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Imre Schöffer, 1933: Open game
Author: Isaque Argolo | Creation Date: 2022-07-22 15:50:32
Data providers: Isaque Argolo.
WHAT IS "OPEN GAME"?
THE SERIOUS CONSEQUENCES OF A BAD TRANSLATION
Imre Schöffer | 22/12/1933, Siena
Modern football is not a defensive game. The open game is no different, outside typical momentum football.
For as long as we've known modern football, the formation of teams on the pitch has been five forwards, three half-backs, two full-backs and a goalkeeper. This grouping could, of course, vary during the game. Whichever team had the upper hand would attack with 6 or 7 forwards, while the opposing team would defend with the same number of men. Between teams of equal ability, we saw a consistency for most of the game of three forwards, followed by two insiders, then three half-backs and finally two full-backs. In today's football, this constancy has changed to the extent that we now see two half-backs and three full-backs.
In a drawing it looks like this:
Total symmetry, perfect balance in both defence and attack. Equal reinforcement of the defence when the team is forced to defend strongly and of the forward line when the team is on the attack. And without the team being surprised at the back by a sudden turn of events.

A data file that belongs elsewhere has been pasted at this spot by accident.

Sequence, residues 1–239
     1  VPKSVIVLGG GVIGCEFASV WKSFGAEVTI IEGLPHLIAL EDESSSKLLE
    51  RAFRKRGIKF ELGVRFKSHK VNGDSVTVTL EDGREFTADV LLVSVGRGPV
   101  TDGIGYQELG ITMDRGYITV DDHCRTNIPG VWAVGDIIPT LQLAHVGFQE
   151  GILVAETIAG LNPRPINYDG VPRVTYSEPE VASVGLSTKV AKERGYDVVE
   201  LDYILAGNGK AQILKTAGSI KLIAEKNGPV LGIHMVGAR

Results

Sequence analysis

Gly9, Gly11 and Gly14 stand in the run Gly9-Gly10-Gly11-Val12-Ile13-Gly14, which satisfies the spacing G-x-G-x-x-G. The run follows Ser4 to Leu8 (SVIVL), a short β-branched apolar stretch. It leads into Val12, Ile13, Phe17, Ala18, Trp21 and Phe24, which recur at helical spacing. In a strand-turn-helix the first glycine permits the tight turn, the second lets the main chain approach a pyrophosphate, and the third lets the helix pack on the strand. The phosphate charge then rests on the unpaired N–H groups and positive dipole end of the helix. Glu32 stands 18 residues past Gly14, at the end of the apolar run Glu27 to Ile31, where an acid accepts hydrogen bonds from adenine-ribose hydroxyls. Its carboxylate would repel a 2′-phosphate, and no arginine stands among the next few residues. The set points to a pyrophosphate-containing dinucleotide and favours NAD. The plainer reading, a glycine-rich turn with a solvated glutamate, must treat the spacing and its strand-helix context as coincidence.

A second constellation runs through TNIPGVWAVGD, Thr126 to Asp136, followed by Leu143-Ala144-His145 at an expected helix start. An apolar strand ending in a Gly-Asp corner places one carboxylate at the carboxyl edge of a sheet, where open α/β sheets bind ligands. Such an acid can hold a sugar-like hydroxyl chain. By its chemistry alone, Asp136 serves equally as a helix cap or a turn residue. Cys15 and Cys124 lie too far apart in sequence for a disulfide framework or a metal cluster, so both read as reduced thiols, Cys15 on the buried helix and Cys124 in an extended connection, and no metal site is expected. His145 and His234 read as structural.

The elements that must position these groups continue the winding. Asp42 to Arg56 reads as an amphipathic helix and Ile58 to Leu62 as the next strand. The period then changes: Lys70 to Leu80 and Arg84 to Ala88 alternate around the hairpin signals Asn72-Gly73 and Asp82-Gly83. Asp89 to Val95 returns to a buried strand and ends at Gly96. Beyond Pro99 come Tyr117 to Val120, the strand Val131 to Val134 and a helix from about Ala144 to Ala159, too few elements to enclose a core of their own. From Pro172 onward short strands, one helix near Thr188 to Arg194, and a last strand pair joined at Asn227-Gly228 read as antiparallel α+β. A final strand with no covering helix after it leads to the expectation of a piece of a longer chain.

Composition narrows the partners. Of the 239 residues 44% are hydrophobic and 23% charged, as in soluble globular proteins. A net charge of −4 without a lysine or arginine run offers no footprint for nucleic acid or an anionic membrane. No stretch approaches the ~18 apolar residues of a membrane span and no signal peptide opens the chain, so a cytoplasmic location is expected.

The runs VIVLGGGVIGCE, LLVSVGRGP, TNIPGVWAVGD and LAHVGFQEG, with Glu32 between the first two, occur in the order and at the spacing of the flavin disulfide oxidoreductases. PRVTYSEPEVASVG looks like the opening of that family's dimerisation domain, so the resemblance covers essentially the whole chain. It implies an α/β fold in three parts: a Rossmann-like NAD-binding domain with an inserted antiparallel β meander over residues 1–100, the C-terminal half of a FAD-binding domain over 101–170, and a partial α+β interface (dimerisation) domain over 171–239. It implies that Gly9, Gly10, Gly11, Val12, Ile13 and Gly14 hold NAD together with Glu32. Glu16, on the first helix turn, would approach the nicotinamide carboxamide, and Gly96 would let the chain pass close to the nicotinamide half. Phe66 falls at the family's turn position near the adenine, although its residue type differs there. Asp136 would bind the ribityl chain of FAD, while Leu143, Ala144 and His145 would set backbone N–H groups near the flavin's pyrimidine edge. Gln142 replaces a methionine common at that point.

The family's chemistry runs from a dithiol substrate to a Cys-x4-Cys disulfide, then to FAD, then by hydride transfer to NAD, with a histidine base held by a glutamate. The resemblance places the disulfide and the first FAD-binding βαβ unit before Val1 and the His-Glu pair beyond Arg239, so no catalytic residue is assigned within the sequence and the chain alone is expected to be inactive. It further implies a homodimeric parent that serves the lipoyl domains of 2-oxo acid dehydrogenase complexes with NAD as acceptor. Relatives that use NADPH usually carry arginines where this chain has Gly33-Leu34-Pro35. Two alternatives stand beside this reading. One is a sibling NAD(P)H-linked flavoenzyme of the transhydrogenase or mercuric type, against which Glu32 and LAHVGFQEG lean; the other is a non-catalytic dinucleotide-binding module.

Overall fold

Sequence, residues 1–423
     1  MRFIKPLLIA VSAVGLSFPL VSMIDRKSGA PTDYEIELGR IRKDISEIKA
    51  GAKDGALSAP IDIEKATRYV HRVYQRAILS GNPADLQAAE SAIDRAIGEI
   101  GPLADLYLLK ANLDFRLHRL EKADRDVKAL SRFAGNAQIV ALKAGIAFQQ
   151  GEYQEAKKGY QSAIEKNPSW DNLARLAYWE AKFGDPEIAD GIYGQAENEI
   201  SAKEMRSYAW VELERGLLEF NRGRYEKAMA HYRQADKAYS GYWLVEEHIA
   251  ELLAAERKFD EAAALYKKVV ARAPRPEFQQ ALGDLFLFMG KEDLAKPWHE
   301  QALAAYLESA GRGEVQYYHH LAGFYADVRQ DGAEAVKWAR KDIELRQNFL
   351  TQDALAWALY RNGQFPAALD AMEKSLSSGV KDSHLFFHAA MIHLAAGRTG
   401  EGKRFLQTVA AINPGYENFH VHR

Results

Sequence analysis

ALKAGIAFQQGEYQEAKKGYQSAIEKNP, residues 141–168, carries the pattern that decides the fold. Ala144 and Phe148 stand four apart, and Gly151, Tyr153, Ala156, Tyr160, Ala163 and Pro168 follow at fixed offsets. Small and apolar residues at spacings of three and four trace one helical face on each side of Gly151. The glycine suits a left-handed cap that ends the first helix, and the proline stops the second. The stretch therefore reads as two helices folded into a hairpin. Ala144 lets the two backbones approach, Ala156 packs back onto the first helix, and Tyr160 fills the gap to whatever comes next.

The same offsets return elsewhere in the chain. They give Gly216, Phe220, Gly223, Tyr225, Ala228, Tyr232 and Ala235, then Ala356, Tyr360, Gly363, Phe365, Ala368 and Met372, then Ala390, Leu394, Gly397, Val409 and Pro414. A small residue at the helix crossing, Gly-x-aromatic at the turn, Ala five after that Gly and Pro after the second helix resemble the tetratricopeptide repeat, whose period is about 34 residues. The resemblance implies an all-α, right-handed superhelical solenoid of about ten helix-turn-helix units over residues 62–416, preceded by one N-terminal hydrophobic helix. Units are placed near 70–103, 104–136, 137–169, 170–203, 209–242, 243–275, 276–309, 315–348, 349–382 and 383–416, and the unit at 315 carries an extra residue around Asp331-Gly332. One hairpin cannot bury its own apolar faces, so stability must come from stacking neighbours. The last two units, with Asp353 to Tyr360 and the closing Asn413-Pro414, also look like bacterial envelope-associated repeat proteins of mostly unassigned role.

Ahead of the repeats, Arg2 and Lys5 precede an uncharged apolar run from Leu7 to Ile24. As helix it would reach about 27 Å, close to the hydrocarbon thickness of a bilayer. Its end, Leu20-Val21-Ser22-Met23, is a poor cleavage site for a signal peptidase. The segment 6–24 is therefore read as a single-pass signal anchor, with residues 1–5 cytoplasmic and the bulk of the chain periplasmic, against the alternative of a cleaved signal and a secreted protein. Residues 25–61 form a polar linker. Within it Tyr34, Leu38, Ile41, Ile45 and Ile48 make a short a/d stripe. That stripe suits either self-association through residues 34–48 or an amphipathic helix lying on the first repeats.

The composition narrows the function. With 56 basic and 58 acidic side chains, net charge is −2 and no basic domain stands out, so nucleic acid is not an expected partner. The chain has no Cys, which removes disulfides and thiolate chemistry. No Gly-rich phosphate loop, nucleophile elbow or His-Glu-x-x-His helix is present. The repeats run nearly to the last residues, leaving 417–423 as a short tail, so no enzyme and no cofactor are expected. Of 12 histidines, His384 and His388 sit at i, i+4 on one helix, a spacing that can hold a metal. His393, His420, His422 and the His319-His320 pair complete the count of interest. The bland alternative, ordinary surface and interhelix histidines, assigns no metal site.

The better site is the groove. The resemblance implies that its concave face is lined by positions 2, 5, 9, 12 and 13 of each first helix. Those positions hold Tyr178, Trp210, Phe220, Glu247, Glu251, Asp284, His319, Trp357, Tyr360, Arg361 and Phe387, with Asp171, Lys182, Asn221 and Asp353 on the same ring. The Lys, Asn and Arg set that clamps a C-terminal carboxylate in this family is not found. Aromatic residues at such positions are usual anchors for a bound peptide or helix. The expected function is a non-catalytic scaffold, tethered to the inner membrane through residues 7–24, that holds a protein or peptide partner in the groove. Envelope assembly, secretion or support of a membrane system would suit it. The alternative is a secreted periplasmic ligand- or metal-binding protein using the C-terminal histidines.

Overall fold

Modern football is an equal chance defensive and attacking game, not a specifically defensive one.
Now let's look at what open play is.
The oldest English football books list several ways of playing. The short, flat passing game, in which the three inside forwards or the winger with his inside forward carry the ball forward at high speed; the long passing or winger forward game and finally the open game, which has been rather unluckily translated into Hungarian as nyílt játék. In this game, all five forwards run the ball on their feet with quick, short pauses, and thus arrive in a shooting position in front of goal.
There are many English words whose spelling and pronunciation are the same, whether they are used as nouns, adjectives, adverbs or verbs, so open really does mean open, but as yes, it means to open. And even in the conjugation it does not change: in the imperative form it is open (nyiss!). To the partner: Open the way for me to escape, or make me escape. So open game is not a nyílt játék, but an escaping game, and opening is not an open pass, but an escaping game.
It follows, however, that the scientific game, which is said to be the most perfect, is nothing more than typical momentum football, just like modern football. It should not be said, therefore, that the antidote to momentum football is the open game, because the two are one and the same.
This has not yet been explained to the players and a serious mistake has been made. The so-called style players (?) did not dare to dart or dodge, because that would have been barbaric momentum football and preferred to roll, push and shine with technique, because they thought that this was the scientific open game.
Lesson: Hungarian footballers, don't care what system they call your game. And don't stand on the pitch, don't wait for help from the back, break forward, run away and hit the goal with the pace and momentum you have gained!
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